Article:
This article is the last in a series of five that focuses on childhood apraxia of speech. If you are a parent, these suggestions can guide you on how to help your child with apraxia at home. They are also excellent for speech-language pathologists searching for ways to help their clients with apraxia. The final two components, Repetition, Chains of Three, are described in this article as well as additional suggestions for practicing at home.
Components of Speech Therapy for Childhood Apraxia
Keep sounds moving.
Keep them slow with
Intonation and rhythmic flow.
Core words, Cues to
Feel and see.
Repetition, Chains of three.
When is your child the most vocal? Watch carefully and wonder about how to keep vocalizing going. Whatever it is, participate in the game with your child, imitate him/her and occasionally make other sounds that your child does not say. Do not expect imitation. Just enjoy the moment and the interaction. Take advantage of times when you can laugh and squeal with delight together. Keep doing it. Vocalizing can be contagious, and it is during those times that you can model the speech sounds, syllables, and words for your child to practice. Repetition is key. Do any activities where your child can practice speech, repeating the same sounds and words frequently.
Sometimes, when children have severe speech and language problems, we become so focused on getting them to practice certain speech sounds that we forget about just having incredible VOCAL FUN! Verbalizing is hard work for children, so our job as parents, therapists, and teachers is to find ways to make the practice less of a chore and more of a sheer delight. Enjoyable practice will create confidence in kids and empower them to initiate practice on their own. Using sign language or gestures combined with speech sounds can also take the stress off, making speech production and speech movements easier.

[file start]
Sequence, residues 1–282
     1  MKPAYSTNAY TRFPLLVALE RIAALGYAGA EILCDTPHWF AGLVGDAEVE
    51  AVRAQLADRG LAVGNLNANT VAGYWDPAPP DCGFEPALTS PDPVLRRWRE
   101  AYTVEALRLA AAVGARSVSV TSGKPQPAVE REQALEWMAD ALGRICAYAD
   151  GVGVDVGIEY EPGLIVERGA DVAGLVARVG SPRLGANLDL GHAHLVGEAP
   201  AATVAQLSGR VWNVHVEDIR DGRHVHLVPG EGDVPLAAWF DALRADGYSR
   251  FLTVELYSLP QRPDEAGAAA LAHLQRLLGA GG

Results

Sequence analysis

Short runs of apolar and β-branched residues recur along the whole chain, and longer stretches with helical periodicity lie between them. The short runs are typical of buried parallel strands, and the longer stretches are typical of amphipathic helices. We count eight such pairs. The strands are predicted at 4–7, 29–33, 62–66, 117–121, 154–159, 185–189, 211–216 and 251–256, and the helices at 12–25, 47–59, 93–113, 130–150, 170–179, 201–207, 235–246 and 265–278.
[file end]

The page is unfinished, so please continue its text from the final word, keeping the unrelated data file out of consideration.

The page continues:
Our songs and movies feature repetition which is excellent for children who need extensive sound sequencing practice. For example, the word, bye, is repeated 73 times in the Bye Song (Imitation Exploration Set 1). Listen to song samples of our songs here. Repetition is essential to progress, and songs can give children a fun way to practice. Speech therapy sessions are very important, but using songs and enjoyable activities at home can really help your child improve.
Chains of three
Because we know that moving from sound to sound is crucial in therapy for children with apraxia, I incorporate “chains of 3” in my songs as well as during play time and during daily routines. Many of our songs will blend sounds or words 3 times sequentially to give children additional practice moving from sound to sound. For children who say some single words but are not able to use phrases, we find that saying a single word in a chain of 3 helps children get ready for phrases. With chains of 3, such as “up up up” as you’re stacking blocks, children can practice the motor sequence of many syllables without the grammatic complexity that a phrase presents. Chains of 3 is simply a step between single word productions and phrases.
I hope that my suggestions and products give you the speech and language practice that helps your child along the way.
Additional Suggestions for how to help your child with apraxia at home
Seek an evaluation
As mentioned before, seek out an evaluation with a speech language pathologist (SLP). This should also include a hearing evaluation to rule out any hearing difficulty. Go here for a brief description of the different apraxia therapy approaches and ask your SLP about their experience in this field.
There are social media support groups for parents that may interest you. Feeling alone, trying to navigate the world of helping your child can be overwhelming. Get support when you need it.
Be as functional as you can in practice at home
Know that CAS is a motor speech disorder that needs frequent repetition and practice. Certainly speech therapy is essential, but practice at home that is functional and built into your child’s daily routines will make an immense difference in your child’s progress. Best wishes in your journey.